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How Long to Recover from 80-95% of 1RM?


#1

So right now im doing powerlifting and want to get my bench to 225 lbs before freshman year starts current is 200lbs and doing “add 50lbs to your bench” only expecting 25lbs tbh anyway how long should I recover from 80-95% of training for bench here is weight and etc
Age:14
Weight 210
I just wanna make sure I dont mess anything up as I need to go on a 3 month cut im fat asf.


#2

You are right where i was beginning of freshman year bench 170 end 255 bdyw 135 to 185 . At your age you can recover faster then a guy on a lot of stuff i benched 5 times a week i made great progress on singles multiple times a week at 80-95% for 5 sets of one or two explosive reps, do a lot of rows and squats.


#3

Since you do a specific program each time you get in to press you should be recovered(or almost) from the previous session

If not,either the program is crap or you are not ready for it


#4

There is a huge difference between 80% and 95%, so recovery from one will be shorter than from the other. It’s also going to be dependent on what other work you do.


#5

Is this for football or another sport or a personal goal you came up with?

I guess it’s just that I’m left wondering if this is right question.


#6

Just a personal goal I tried football just wasent my thing and every body was so cocky lmfao im more calm and like to lift


#7

im more with markko on this, which are you really wondering? 80-95% is a massive range. Think in terms of numbers, a 500 lb deadlift to start…that range is the difference between pulling 400 or 475 and as maxes go up, so does the gap. 80% shouldn’t be that big of a deal i mean it depends on how well trained your cns is but i could pull 80% daily with little problem depending on the volume. 95% will take longer because thats fairly close to your max. All that said, the real answer is, how long does it take to feel you recovered? Squats, bench, and overhead press…if you feel recovered then you probably are since those dont tax the cns as much as say a deadlift. The deadlift however will vary because you can have refreshed muscles, no light joint pains from weight and still have a fatigued cns but even then, it amounts to how do you feel? I use grip strength to gauge cns level since the forearms are quite tied to it so on a day you know youre refreshed put 135 on the bar, pick it up and hold it. However long you hold it is baseline and retest every couple months to account for strength increase. If you start off deadlifts and your grip seems weak, your cns probably needs another day.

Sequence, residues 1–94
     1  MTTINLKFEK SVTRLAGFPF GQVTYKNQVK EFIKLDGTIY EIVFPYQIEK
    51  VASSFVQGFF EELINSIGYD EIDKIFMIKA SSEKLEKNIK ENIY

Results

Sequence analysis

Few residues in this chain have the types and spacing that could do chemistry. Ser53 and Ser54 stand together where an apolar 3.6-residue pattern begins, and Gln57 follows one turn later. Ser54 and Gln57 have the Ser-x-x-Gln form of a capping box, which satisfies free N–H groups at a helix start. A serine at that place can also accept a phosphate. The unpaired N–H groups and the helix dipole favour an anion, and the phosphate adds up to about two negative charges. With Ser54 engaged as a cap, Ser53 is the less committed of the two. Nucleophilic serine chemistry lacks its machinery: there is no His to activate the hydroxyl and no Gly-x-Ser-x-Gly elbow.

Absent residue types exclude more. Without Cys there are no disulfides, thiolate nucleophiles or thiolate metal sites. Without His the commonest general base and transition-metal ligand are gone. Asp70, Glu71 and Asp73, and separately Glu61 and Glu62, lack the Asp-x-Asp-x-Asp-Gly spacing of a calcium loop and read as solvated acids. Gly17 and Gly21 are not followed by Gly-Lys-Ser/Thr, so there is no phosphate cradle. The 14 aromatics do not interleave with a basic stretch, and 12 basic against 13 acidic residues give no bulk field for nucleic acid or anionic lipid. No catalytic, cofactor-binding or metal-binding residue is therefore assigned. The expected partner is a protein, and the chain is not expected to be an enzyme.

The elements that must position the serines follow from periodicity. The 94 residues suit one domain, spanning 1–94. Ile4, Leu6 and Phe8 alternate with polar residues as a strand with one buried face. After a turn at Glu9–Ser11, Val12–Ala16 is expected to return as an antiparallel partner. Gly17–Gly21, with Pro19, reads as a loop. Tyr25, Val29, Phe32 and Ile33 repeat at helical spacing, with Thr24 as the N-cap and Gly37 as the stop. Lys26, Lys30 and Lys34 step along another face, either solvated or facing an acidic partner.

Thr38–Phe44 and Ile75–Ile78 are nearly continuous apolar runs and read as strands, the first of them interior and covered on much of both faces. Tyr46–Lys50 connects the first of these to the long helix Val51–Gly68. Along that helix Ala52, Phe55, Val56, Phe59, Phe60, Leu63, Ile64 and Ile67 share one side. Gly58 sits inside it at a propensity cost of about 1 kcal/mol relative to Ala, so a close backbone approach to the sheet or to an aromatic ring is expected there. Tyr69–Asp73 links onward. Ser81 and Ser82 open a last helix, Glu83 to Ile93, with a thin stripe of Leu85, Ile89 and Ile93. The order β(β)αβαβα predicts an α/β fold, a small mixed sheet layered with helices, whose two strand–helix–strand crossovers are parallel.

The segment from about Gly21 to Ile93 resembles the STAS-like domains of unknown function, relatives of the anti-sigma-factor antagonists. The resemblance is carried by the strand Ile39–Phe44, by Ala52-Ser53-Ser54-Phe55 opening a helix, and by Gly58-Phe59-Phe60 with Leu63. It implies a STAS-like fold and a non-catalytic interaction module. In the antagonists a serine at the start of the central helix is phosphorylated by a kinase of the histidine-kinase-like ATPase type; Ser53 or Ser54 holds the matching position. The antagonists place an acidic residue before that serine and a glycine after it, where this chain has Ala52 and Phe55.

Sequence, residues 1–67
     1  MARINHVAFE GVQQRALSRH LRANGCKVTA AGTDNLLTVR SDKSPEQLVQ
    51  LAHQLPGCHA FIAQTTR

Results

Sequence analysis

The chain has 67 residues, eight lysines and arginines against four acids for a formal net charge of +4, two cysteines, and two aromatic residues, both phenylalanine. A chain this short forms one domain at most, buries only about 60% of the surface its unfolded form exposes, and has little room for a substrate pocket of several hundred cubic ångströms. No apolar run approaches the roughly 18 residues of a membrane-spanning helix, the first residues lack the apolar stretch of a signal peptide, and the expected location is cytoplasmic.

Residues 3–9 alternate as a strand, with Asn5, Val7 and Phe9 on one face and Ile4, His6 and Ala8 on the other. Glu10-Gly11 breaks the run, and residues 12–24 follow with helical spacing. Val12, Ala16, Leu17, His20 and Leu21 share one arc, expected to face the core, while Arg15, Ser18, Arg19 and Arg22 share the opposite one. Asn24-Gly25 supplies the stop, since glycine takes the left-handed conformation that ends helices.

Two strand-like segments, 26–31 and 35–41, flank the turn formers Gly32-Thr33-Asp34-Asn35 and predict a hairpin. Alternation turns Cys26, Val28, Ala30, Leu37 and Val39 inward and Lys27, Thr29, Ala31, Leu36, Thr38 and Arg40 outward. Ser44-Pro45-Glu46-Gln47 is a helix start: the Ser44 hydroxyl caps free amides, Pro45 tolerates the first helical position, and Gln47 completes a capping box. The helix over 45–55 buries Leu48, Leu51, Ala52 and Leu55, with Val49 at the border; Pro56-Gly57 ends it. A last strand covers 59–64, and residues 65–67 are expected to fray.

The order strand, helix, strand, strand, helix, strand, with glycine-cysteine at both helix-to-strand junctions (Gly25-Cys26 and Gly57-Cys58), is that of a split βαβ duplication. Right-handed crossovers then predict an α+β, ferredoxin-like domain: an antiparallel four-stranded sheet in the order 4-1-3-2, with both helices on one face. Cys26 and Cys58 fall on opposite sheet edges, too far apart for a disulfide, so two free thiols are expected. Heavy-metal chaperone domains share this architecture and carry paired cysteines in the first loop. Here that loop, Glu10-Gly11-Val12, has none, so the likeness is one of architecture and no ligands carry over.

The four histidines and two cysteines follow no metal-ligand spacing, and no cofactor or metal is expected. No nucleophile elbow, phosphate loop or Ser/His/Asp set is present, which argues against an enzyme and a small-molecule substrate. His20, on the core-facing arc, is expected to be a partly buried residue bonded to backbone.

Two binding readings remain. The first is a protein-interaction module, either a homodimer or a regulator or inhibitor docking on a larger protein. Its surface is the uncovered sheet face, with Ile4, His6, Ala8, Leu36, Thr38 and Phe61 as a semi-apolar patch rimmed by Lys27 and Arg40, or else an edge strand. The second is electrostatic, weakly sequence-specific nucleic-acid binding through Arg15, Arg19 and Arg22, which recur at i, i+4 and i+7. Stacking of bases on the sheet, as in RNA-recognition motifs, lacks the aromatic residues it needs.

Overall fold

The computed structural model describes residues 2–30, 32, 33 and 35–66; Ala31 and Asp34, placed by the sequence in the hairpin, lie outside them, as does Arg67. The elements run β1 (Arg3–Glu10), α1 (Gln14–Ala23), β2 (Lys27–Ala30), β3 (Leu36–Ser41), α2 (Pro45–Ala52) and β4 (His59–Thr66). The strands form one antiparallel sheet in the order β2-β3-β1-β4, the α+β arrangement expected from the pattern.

#8

I would give it at least 3 days between bench workouts. I bench heavy Wednesdays and have a light / assistance day on Sunday


#9

Sorry for confusion I do exactly 90% which is 180 for me and did it today for 3,2,2 which is progress from 3,2,1 I dont think I burn my cns often and I have 3 days between bench and on second bench day I have four.
Also I dont do as many accessorizes as I have home gym with barbell with power rack with weight and a bench I have a dumbell but found anything I do with dumbells stalls my progress .

Also I have only burnt my cns once due to much intensity combined with accessories but have not burned my cns other than that as I stick to 1 90% Bench Day for 3x3 and progress well as I just got 180 for 3,2,2 from 3,2,1 last and I have one more bench day with 65-70% doing 4x8


#10

At your age and level, I would personally just go with some simple linear periodization using 80% of your max.

Build a base in both muscle and technique before you start going into 90+ percentages.

Go with a simple 5x5 scheme. When you can 5 sets of 5 reps bump the weight up 5lbs then rinse and repeat. If you want to gauge your progress, it probably wouldn’t hurt to go for a hard triple once a month. Leave a rep or two in the tank at this time in your training for that hard triple. Don’t push any sets to total failure. That is, never miss a rep. If you have to leave 1-2 reps in the tank to insure that, that’s okay.